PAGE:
I've done exactly that. When my kids and I were looking for skis, we followed a simple rule; "if we can't bend 'em (using the test) we can't carve em"! It helped them transition from kids gear to Jr race gear to adult gear. It now helps determine ski model and length by eliminating the very stiff or very soft models that need to be avoided.



Best,

Barrettscv
post #10 of 15
Thread Starter 
Quote:
Originally Posted by sjjohnston
- I'd be surprised if you have to be that big to use an SL9. If so, who's the SL11 for?
Yeh, the SL:11 is difficult to rationalize out side of USSA racing. It has a FIS sidecut that is as long as the GS:9, go figure. Plus it must be crazy stiff.

Barrettscv
post #11 of 15
I ski the SL:9 in a 170cm (I'm 160lbs). My wife skis the SL:9 in a 150cm (she's 120lbs).
We both like this ski quite a bit. At our weights and in these lengths the SL:9 is a surprisingly versatile ski.

BTW, your flex test is interesting to see the static deflection of a weighted ski and how it compares to others in this regard. However, I'm not sure you should rule out a stiff ski based on this test because in use the dynamic deflection is going to be far greater that anything you measure statically. Especially true if you are carving.
post #12 of 15
When the predecessor of the SL:9 first appeared as a next season´s ski (it was the 9:12 for 2001/2002) a group of us was testing it on a groomed slope and firm snow.
All five good skiers were happy though they were a pretty variable portfolio:
- an ex-racer who had been the national champ only three years before
- a coach - one of the best FIS Masters racers worldwide
- a 275lbs. expert freerider
- myself (187lbs.)
- a lady ski teacher (about 130lbs.)
The ski was pretty stiff (the current SL:9 must be considerably softer). How´s that we all found it so good?
My reasoning is that its shape and small radius (we had 160cm/115-65-100/11m which was pretty revolutionary back then) let the lady "ride the radius" and cruise effortessly without having to bend it much while the big guys could arc it and use the pop.
If there were some bumps she wouldn´t have been that happy, I´m sure. It seems that if you stay on groomers such a ski works for a wide variety of skiers including light ones.
post #13 of 15
Thread Starter 
Quote:
Originally Posted by checkracer
When the predecessor of the SL:9 first appeared as a next season´s ski (it was the 9:12 for 2001/2002) a group of us was testing it on a groomed slope and firm snow.
All five good skiers were happy though they were a pretty variable portfolio:
- an ex-racer who had been the national champ only three years before
- a coach - one of the best FIS Masters racers worldwide
- a 275lbs. expert freerider
- myself (187lbs.)
- a lady ski teacher (about 130lbs.)
The ski was pretty stiff (the current SL:9 must be considerably softer). How´s that we all found it so good?
My reasoning is that its shape and small radius (we had 160cm/115-65-100/11m which was pretty revolutionary back then) let the lady "ride the radius" and cruise effortessly without having to bend it much while the big guys could arc it and use the pop.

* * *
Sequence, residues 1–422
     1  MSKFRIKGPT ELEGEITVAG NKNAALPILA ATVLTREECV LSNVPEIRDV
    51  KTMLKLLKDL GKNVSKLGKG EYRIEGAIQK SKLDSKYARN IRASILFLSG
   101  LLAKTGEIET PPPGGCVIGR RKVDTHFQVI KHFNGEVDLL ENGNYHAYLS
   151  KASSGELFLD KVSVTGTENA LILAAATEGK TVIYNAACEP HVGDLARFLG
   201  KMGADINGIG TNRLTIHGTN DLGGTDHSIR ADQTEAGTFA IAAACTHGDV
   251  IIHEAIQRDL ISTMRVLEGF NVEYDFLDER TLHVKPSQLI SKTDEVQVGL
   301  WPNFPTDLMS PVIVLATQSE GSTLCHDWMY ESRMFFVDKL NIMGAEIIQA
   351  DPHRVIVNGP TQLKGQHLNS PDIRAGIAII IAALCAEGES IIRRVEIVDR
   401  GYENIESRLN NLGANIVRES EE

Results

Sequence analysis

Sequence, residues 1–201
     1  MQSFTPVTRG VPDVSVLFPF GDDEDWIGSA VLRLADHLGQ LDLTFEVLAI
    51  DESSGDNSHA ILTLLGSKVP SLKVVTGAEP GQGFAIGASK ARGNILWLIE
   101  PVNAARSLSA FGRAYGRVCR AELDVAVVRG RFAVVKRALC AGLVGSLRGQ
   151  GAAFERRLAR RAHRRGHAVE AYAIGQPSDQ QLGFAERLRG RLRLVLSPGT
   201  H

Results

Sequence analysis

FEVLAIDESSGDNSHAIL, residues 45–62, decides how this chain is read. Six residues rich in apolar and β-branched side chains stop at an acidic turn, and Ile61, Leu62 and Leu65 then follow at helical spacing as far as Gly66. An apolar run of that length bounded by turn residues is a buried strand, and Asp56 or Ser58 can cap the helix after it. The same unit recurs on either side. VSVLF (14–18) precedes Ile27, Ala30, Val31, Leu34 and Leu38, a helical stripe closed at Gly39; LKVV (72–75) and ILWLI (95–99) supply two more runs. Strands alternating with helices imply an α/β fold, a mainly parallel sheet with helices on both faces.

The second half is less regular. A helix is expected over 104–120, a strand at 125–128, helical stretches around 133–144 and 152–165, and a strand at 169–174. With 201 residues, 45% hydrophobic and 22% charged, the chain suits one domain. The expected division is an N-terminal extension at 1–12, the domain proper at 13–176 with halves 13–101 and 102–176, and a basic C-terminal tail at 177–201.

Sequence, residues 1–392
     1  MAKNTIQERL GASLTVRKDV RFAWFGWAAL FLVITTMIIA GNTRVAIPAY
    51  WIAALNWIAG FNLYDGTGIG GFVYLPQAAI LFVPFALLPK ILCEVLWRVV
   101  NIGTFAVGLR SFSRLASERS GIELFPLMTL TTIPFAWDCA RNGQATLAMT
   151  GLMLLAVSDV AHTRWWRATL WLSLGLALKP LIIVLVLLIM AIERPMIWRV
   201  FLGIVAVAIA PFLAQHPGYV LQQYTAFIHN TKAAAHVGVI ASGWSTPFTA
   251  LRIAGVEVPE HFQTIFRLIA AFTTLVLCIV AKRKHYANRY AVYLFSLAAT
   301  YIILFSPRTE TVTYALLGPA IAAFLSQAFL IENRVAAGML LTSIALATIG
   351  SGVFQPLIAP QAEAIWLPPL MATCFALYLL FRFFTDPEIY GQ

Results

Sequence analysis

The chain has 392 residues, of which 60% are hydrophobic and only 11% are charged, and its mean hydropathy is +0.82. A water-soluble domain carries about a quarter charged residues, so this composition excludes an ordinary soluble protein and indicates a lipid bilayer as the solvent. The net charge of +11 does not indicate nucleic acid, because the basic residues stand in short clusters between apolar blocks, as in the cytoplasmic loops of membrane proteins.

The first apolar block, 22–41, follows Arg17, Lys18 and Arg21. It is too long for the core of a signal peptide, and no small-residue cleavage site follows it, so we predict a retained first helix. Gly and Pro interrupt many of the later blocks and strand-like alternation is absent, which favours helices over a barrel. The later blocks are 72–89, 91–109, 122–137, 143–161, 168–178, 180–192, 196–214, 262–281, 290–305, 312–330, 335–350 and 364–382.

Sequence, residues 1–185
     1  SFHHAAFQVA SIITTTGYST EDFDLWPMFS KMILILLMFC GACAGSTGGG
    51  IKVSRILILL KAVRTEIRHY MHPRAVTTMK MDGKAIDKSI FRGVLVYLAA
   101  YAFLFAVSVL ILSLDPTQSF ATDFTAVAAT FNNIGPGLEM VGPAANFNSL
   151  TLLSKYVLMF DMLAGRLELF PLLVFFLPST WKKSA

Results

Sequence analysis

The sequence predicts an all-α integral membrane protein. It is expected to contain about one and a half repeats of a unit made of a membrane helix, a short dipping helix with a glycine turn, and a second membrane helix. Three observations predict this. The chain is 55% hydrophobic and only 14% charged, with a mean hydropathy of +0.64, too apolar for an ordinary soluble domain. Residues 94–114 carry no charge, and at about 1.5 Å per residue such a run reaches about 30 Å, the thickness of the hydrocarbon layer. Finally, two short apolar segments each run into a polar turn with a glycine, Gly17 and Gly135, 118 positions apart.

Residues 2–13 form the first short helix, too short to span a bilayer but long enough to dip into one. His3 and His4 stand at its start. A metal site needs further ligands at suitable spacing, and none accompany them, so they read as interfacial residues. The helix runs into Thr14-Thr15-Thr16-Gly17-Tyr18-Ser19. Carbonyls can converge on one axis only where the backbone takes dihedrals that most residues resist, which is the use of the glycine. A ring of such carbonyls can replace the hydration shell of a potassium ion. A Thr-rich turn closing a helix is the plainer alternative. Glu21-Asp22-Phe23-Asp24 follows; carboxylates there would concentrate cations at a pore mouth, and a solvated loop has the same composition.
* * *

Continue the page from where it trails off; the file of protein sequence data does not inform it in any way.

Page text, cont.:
If there were some bumps she wouldn´t have been that happy, I´m sure. It seems that if you stay on groomers such a ski works for a wide variety of skiers including light ones.
I'm starting to think that my 200 Lbs son should stay with the ski. I assumed that a bigger guy would begin to find the ski unstable at anything above ski school speeds, your observations provide an interesting point. My son also has other skis for GS speeds and softer snow. I'll let him decide in November, weather permitting.

Thanks

Barrettscv
post #14 of 15
Just to throw my hat into the ring, I think that as long as your daughter is a fairly competent skier, she will probably enjoy the SL:9 a lot. I have the 03/04 version in 150cm, which is really shorter than I should have got (I'm 5'9, 150), but it's still a blast to ski. At 150 it gets rather squirelly at high speed and/or longer radius turns, but it still does both quite well. I think in a 160 length, it would be very good for your daughter. Lots of fun if you want quick edge to edge short radius turns, but equally good at medium to long radius and just cruising along.

Since you already have the ski, I would suggest remounting the bindings and letting her try it. I'd be willing to be she'll love them.
post #15 of 15
I am 5'9.5" and weigh 144 lbs and have the SL9 160 from a couple years ago. My opinion is she will do fine with those. It is a very fun, energetic ski, but for me it does not have the ice hold of the stiffer SL11. It is a great fall-line carver. The 160 will be more stable in free skiing than the 150, and if she is coming from a 170, the 150 may feel too short. At high speeds, I consider the 160 just a bit squirrelly (R11m).
I have not tried the latest SL9 which I am told is slightly stiffer than the older SL9.